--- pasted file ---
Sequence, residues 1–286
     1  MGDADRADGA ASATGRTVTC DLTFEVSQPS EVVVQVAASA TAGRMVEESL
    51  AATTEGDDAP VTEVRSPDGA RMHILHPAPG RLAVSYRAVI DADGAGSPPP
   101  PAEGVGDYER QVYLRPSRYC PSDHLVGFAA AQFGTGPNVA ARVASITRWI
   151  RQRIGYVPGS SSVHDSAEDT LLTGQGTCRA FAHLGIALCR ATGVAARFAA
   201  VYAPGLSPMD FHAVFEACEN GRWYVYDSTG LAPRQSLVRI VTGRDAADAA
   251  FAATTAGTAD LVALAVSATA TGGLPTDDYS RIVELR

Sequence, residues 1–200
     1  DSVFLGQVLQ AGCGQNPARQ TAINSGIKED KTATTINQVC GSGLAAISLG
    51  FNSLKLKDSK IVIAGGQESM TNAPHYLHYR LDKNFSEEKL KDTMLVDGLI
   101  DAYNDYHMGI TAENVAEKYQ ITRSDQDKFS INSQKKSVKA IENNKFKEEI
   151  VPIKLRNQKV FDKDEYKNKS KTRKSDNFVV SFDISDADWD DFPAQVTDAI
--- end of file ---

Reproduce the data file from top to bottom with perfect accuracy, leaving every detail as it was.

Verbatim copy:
Sequence, residues 1–286
     1  MGDADRADGA ASATGRTVTC DLTFEVSQPS EVVVQVAASA TAGRMVEESL
    51  AATTEGDDAP VTEVRSPDGA RMHILHPAPG RLAVSYRAVI DADGAGSPPP
   101  PAEGVGDYER QVYLRPSRYC PSDHLVGFAA AQFGTGPNVA ARVASITRWI
   151  RQRIGYVPGS SSVHDSAEDT LLTGQGTCRA FAHLGIALCR ATGVAARFAA
   201  VYAPGLSPMD FHAVFEACEN GRWYVYDSTG LAPRQSLVRI VTGRDAADAA
   251  FAATTAGTAD LVALAVSATA TGGLPTDDYS RIVELR

Sequence, residues 1–200
     1  DSVFLGQVLQ AGCGQNPARQ TAINSGIKED KTATTINQVC GSGLAAISLG
    51  FNSLKLKDSK IVIAGGQESM TNAPHYLHYR LDKNFSEEKL KDTMLVDGLI
   101  DAYNDYHMGI TAENVAEKYQ ITRSDQDKFS INSQKKSVKA IENNKFKEEI
   151  VPIKLRNQKV FDKDEYKNKS KTRKSDNFVV SFDISDADWD DFPAQVTDAI